Presentation on theme: "Input/Output (I/O) Ports and Interfacing"— Presentation transcript:
1Input/Output (I/O) Ports and Interfacing Chapter 9Input/Output (I/O) Ports and Interfacing
2Basic Concepts in I/O Interfacing and PIC18 I/O Ports (1 of 2) I/O devices (or peripherals) such as LEDs and keyboards are essential components of the microprocessor-based or microcontroller-based systems.Classified into two groupsinput devicesoutput devices
3Block Diagram of I/O Interfacing BufferAccess one port at a time8-bit registersI/O ports are associated with a SFREach port is associated with 3 registers:PORT / LAT / TRISLatch
4I/O Ports: Interfacing and Addressing To read (receive) binary data from an input peripheralMPU places the address of an input port on the address bus, enables the input port by asserting the RD signal, and reads data using the data bus.To write (send) binary data to an output peripheralMPU places the address of an output port on the address bus, places data on data bus, and asserts the WR signal to enable the output port.Remember:Writing to the portWhen the MPU sends out or transfers data to an output portReading from the portWhen the MPU receives data from an input port
5PIC18F452/4520 I/O Ports (1 of 5) MCU includes five I/O ports PORTA, PORTB, PORTC, PORTD, and PORTEPorts are multiplexed meaning they can be set up by writing instructions to perform various functionsPORTA: Example of Multiple FunctionsDigital I/O: RA6-RA0Analog Input: AN0-AN4V REF+ : A/D Reference Plus VoltageV REF- : A/D ReferenceMinus VoltageTOCK1: Timer0 Ext. ClockSS: SPI Slave Select InputLVDIN: Low voltage Detect Input
6PIC18F452/4520 I/O Ports (2 of 5)Each I/O port is associated with the special functions registers (SFRs) to setup various functions.Can be set up as entire ports or each pin can be set up.PORT: This register functions as a latch or a buffer determined by the logic levels written into the associated TRIS register.TRIS: This is a data direction register. Writing logic 0 to a pin sets up the pin as an output pin, and logic 1 sets up the pin as an input pin.LAT: This determines if port is bidirectional .
7PIC18F452/4520 I/O Ports (3 of 5)Figure 9-3 shows the internal block diagram of PORTB in the simplified form. It includes:Three internal D flip-flops (latches)Data latch to output dataTRIS latch to setup data directionInput latch for input data
8PIC18F452/4520 I/O Ports (4 of 5) PORTB Internal Block Diagram Pull-upThree internal D flip-flops (latches):Data latch to output dataTRIS latch to setup data directionInput latch for input dataAQ- TRIS: 0 A is enabledQ- TRIS: 1 A is disabled
9Interfacing Output Peripherals (1 of 2) Commonly used output peripherals in embedded systems areLEDs, seven-segment LEDs, and LCDs; the simplest is LEDTwo ways of connecting LEDs to I/O ports:LED cathodes are grounded and logic 1 from the I/O port turns on the LEDs - The current is supplied by the I/O port called current sourcing.LED anodes are connected to the power supply and logic 0 from the I/O port turns on the LEDs - The current is received by the chip called current sinking.Common CathodeCommon AnodeActive highActive low
10Interfacing Seven-Segment LEDs as an Output (1 of 4) Often used to display BCD numbers (1 through 9) and a few alphabetsA group of eight LEDs physically mounted in the shape of the number eight plus a decimal point as shown in Figure 9-5 (a)Each LED is called a segment and labeled as ‘a’ through ‘g’.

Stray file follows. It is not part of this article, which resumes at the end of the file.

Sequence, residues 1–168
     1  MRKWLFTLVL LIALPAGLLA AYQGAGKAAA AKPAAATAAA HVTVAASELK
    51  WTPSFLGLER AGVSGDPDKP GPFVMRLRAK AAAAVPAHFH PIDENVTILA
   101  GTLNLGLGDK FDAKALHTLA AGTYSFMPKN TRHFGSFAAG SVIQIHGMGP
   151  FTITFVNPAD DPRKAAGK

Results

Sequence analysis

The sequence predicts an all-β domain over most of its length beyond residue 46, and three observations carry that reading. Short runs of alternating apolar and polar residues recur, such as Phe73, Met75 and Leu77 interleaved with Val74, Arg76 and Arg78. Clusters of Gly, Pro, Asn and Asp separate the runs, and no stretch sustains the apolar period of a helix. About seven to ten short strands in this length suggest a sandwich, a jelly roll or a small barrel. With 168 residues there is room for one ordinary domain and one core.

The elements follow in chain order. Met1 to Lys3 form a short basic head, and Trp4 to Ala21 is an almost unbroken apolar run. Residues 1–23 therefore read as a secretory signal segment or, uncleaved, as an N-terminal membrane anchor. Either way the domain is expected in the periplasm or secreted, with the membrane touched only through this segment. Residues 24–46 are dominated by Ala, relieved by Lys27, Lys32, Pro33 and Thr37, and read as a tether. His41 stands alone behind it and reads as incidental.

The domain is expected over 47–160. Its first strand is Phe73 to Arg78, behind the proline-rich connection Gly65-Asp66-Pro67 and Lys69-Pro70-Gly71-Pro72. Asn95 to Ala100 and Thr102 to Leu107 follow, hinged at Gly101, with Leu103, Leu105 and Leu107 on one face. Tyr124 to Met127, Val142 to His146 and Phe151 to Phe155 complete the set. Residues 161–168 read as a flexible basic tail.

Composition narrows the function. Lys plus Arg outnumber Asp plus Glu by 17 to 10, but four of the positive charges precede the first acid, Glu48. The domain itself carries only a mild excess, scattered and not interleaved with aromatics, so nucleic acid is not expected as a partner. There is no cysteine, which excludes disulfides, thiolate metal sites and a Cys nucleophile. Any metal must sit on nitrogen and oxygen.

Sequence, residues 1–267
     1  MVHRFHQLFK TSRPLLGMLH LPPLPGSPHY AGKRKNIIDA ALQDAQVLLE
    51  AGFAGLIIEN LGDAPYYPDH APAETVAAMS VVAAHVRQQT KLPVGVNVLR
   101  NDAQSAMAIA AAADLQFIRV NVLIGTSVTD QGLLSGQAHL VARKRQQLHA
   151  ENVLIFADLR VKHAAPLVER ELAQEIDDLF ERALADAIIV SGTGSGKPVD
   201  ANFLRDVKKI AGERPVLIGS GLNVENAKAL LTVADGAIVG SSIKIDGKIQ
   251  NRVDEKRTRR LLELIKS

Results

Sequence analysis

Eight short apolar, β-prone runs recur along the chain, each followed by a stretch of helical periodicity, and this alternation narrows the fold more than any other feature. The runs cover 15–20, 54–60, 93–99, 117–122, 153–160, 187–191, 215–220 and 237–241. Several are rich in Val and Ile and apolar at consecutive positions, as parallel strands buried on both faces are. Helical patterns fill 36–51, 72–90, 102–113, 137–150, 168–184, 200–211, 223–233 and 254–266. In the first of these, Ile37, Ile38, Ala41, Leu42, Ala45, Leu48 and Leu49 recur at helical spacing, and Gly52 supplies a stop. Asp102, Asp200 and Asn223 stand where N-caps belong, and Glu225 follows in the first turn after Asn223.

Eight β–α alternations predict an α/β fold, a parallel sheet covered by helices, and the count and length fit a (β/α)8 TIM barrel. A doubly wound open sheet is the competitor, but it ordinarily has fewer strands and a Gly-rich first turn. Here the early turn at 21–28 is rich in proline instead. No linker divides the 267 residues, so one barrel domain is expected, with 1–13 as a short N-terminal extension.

11Interfacing Seven-Segment LEDs as an Output (2 of 4) Two types of seven-segment LEDsCommon anodeCommon cathodedecimal point
12Interfacing Seven-Segment LEDs as an Output (3 of 4) In a common anode seven-segment LEDAll anodes are connected together to a power supply and cathodes are connected to data linesLogic 0 turns on a segment.Example: To display digit 1, all segments except b and c should be off.Byte = F9H will display digit 1.
13Interfacing Seven-Segment LEDs as an Output (4 of 4) In a common cathode seven-segment LEDAll cathodes are connected together to ground and the anodes are connected to data linesLogic 1 turns on a segment.Example: To display digit 1, all segments except b and c should be off.Byte = 06H will display digit 1.
14Example 9.4: Interfacing Seven-Segment LEDS to PORTB and PORTC
19Interfacing Input Peripherals Commonly used input peripherals in embedded systems are: DIP switches, push-button keys, keyboards, and A/D converters.DIP switch: One side of the switch is tied high (to a power supply through a resistor called a pull-up resistor), and the other side is grounded. The logic level changes when the position is switched.Push-button key: The connection is the same as in the DIP switch except that contact is momentary.
21Example 9.5: Reading from an I/O Port The instruction: MOVF PORTB, W reads from PORTB (Figure 9-8 a). To execute the instruction, the MPU:Reads the instruction from memoryPlaces the address of PORTB (F81H) on the address bus of data memorySelects PORTBAsserts the RD signal and enables PORTBReads logic levels (1/0) of the switches and places on the data busSaves the reading in the WREG
22Internal Pull-Up Resistor (1 of 2) Figure 9-8 (a) shows that the pull-up resistors are connected externally. However, PORTB can provide equivalent resistors internally through initialization.FIGURE 9-9 (a) shows that turning off the internal FET is equivalent to providing a pull-up resistor.
23Internal Pull-Up Resistor (2 of 2) Bit7 (RBPU) in the INTCON2 register enables or disables the pull-up resistor (Figure 9-9 b).Instruction to Enable Pull Up Resistors: BCF INTCON2 7, 0Figure 9-9 (b)